The partisan moderate said...

I tend to discount most of the professor's political analysis. He is the same person that believes Obama is a moderate. As the director of the Quinnipiac Polling Institute points out, "But an analysis by the well-respected and impartial National Journal found Obama's voting record in his first two years in the Senate was the most liberal of any Democratic presidential candidate."

I believe Bloomberg has been an above average mayor by New York City standards but is considerably overrated. He has mainly benefited from being good cop to Giuliani’s bad cop. Bloomberg, gained all the benefits of Giuliani’s actions and has been given a free pass from civil liberties organizations on issues such as smoking and other nanny-state measures because they prefer almost anyone to Giuliani. Same goes true for civil rights groups.

He has not been a fiscal conservative. Anyone who has taken an into finance class knows that it is not good for a business to have excess cash flows as the business tends to make poor investments and overly compensate executives. The same holds true in government. Bloomberg raised taxes to cover a budget shortfall when he first entered office. Now we have a surplus and instead of cutting taxes to make up for the previous increase, instead he is spending the money on raises for unions. He has not been fiscally conservative as he has shown unwillingness to cut the rate of growth in New York City. He also backed down in the transit strike last year and stupidly once again renewed the contract so that it expires during Christmas time, which gives the unions increased leverage in threatening a strike during New York’s busiest shopping period.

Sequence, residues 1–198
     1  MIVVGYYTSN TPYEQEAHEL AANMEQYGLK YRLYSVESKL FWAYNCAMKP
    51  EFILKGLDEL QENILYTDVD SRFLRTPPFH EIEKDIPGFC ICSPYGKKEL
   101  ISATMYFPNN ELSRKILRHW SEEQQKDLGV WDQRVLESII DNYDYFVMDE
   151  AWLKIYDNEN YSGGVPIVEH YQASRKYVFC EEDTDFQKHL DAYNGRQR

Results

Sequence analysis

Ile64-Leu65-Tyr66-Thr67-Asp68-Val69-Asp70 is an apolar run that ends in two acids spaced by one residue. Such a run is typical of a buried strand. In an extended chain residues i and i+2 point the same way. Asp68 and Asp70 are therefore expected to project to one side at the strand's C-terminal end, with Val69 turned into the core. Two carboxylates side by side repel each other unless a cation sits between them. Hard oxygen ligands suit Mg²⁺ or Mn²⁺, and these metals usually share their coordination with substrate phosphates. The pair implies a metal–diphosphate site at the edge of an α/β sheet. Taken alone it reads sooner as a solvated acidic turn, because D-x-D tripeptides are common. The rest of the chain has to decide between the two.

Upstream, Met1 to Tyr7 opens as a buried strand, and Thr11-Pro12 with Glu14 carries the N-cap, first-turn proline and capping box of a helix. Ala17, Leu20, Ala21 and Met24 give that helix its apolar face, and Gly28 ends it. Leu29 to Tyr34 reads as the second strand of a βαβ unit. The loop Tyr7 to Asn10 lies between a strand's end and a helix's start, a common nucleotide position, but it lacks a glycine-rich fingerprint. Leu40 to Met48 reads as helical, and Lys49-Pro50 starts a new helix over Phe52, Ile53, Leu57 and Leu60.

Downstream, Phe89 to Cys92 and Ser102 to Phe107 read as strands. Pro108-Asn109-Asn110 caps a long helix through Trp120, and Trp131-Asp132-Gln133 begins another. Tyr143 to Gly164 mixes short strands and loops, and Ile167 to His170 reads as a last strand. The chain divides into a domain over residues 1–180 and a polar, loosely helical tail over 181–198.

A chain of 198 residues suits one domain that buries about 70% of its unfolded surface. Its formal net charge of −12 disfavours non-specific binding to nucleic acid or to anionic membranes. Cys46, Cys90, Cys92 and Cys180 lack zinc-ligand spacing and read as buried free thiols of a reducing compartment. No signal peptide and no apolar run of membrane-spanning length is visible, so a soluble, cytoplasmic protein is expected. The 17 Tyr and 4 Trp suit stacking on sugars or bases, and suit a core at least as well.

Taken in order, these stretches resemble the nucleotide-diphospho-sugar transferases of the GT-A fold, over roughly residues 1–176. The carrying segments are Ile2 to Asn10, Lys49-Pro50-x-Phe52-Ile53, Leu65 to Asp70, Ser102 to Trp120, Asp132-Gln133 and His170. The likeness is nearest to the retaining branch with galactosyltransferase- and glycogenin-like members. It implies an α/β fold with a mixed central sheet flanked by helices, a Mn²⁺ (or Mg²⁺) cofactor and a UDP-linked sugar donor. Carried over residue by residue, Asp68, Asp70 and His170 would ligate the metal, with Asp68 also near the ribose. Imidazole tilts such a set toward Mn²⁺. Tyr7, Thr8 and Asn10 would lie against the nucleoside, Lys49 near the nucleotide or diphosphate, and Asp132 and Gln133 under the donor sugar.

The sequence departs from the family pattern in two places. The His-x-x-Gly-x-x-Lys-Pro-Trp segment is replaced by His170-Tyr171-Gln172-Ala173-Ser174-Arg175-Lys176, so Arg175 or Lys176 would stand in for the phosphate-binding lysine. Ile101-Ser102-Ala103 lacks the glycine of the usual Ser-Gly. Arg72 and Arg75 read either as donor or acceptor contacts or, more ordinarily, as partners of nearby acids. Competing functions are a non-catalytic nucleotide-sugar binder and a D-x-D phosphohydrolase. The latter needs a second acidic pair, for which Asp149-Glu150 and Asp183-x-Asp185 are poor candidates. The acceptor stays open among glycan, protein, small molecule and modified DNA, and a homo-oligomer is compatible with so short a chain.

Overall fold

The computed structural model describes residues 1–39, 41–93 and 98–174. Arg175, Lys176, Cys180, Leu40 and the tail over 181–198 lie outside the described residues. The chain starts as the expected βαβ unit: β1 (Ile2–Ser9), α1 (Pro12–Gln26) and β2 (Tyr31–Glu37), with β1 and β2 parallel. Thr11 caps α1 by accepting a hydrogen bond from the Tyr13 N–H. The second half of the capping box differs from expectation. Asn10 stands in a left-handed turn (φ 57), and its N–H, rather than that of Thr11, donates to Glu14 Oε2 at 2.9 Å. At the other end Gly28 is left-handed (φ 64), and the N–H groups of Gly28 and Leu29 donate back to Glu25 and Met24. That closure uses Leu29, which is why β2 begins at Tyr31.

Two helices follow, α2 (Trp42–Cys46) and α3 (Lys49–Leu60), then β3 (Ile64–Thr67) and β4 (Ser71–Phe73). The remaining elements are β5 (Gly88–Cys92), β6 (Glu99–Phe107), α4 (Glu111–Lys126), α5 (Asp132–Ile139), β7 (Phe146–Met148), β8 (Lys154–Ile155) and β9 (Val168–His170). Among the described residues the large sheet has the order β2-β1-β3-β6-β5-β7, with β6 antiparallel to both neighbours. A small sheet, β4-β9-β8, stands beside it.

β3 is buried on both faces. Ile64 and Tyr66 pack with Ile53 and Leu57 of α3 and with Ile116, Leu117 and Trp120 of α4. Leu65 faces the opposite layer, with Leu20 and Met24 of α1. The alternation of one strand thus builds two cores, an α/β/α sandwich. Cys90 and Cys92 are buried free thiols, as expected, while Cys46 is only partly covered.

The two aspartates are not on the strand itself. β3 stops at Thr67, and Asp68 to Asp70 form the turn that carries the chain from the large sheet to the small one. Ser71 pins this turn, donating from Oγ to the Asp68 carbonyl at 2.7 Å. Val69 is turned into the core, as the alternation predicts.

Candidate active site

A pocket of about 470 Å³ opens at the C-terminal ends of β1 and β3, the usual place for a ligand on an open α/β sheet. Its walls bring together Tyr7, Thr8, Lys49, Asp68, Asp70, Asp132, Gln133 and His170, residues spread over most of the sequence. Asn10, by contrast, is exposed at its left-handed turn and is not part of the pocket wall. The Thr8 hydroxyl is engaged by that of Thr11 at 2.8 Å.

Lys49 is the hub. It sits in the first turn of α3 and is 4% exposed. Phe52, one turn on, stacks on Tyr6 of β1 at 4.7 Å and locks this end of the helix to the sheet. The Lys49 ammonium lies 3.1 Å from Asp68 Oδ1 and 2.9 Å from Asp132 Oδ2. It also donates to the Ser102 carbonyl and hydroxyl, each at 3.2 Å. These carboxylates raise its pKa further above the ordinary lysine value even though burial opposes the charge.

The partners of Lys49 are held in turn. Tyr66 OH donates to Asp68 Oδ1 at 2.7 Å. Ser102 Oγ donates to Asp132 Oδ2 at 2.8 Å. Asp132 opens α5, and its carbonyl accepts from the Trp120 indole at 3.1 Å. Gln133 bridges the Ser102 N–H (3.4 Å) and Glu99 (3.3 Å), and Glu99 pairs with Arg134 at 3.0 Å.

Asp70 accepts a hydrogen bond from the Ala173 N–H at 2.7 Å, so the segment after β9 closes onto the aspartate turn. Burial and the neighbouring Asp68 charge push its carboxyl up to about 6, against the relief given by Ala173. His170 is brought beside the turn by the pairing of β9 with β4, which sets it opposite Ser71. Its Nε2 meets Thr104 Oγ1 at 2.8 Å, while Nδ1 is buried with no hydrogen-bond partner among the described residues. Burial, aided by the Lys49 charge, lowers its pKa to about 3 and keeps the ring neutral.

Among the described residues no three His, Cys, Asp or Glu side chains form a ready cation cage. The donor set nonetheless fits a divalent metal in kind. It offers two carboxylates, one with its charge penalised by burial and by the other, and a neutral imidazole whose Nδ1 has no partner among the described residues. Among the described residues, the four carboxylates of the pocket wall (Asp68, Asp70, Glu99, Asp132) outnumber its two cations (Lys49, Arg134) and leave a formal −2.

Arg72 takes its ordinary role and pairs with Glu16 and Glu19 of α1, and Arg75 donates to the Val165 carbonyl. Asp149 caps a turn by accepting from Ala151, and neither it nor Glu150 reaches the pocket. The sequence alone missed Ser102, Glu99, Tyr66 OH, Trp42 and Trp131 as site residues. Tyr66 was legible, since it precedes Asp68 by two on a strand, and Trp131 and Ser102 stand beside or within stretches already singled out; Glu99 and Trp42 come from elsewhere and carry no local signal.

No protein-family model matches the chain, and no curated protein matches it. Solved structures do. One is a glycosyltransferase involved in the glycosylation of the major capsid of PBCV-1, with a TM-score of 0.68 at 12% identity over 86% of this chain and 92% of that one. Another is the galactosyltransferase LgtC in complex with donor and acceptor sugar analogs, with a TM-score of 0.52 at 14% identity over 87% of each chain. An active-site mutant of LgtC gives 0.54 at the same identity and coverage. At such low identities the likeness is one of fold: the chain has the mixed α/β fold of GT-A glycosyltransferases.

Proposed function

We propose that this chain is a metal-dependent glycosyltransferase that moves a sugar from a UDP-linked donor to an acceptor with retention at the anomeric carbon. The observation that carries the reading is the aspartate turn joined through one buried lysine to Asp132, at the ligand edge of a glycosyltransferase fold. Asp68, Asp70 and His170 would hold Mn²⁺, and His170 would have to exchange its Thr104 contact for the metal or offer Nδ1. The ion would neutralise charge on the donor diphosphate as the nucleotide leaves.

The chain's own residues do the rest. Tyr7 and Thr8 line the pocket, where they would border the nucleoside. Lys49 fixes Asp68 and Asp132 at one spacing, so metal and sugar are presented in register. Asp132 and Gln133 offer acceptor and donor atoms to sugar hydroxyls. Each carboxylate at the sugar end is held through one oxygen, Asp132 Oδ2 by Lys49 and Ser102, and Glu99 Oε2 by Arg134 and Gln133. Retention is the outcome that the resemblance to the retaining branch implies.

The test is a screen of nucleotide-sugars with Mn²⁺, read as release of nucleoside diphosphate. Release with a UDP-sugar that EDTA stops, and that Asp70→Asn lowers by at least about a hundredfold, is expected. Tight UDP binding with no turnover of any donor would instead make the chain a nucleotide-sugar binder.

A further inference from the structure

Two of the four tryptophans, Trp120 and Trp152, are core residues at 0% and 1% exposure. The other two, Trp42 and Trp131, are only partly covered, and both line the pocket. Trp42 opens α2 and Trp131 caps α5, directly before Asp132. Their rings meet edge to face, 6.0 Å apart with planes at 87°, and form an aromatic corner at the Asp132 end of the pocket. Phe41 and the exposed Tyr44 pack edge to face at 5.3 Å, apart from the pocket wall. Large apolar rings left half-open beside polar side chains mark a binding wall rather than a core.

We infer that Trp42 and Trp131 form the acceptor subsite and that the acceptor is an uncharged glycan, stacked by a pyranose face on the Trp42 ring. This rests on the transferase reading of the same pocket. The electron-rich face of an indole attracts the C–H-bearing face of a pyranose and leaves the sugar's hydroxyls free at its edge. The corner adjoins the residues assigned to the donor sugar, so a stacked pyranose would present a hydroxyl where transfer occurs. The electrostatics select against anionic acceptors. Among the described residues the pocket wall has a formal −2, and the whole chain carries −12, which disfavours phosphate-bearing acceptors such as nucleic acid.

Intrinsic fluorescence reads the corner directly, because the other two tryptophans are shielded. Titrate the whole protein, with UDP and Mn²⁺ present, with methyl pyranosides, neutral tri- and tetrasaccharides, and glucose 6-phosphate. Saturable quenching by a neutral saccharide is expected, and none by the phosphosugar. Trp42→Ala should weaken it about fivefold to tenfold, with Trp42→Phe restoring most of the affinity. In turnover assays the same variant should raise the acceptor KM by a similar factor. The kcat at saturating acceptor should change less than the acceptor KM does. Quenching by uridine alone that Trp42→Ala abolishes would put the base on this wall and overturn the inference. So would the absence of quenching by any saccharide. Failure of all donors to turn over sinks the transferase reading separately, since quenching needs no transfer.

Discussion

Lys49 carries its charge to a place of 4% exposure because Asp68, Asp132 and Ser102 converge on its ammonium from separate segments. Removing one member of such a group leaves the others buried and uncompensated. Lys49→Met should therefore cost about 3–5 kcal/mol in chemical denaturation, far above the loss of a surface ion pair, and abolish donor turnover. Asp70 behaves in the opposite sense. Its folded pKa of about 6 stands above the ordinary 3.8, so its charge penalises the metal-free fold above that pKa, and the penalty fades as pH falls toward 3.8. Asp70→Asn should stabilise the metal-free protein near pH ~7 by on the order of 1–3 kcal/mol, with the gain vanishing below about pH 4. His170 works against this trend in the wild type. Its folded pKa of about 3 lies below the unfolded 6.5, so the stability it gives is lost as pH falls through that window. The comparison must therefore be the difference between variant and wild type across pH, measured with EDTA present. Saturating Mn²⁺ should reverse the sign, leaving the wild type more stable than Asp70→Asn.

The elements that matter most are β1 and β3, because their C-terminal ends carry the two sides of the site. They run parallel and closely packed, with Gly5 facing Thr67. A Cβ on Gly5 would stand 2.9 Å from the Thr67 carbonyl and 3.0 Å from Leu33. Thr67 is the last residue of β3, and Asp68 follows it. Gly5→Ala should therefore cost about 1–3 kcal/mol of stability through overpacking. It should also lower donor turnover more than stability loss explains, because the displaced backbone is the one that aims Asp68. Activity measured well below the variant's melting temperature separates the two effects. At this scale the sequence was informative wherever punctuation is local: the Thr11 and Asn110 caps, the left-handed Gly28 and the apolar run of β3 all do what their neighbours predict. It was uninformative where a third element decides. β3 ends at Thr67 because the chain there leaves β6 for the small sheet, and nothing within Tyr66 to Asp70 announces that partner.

Although, he has kept in place many of the successful crime-fighting policies of his predecessor but Bloomberg always plays the PC card. A couple of years back an Italian-American with Gotti ties was accused of assaulting a black man in an ethnic neighborhood. Bloomberg, instead of saying let's wait for the evidence to come out, called the guy a scum and presumed guilt. What he did was wrong and the ALCU should have been all over him.

As for the Professor’s comments about Bloomberg’s electability, he is right but for the wrong reasons. Bloomberg, cannot be elected because he is out of step with the electorate. He is to the left of every credible Democratic candidate on social issues, such as guns, religion, and abortion. The issues which he is more partial to the Republican party such as a hawkish foreign policy and promotion of free trade, are politically unpopular. Perot, had support because he was able to appeal to Reagan-Democrats. If you looked at Perot’s positions, most enjoyed majority support in this country. Bloomberg’s social liberalism combined with his so-called fiscal conservatism in many ways the antitheses of the Reagan Democrats. Bloomberg, could conceivably poll in the double digits but he cannot win. Ironically, he will take away more from Democrats than Republicans. White collar yuppies and suburban soccer moms, who mind the populist Lou Dobbs economic policies will be most open to a Bloomberg run, and the majority of these people are Democrats.

BTW- Professor Dorf, there is little chance that Bloomberg runs if Clinton is the Democratic nominee or Giuliani is the Republican nominee.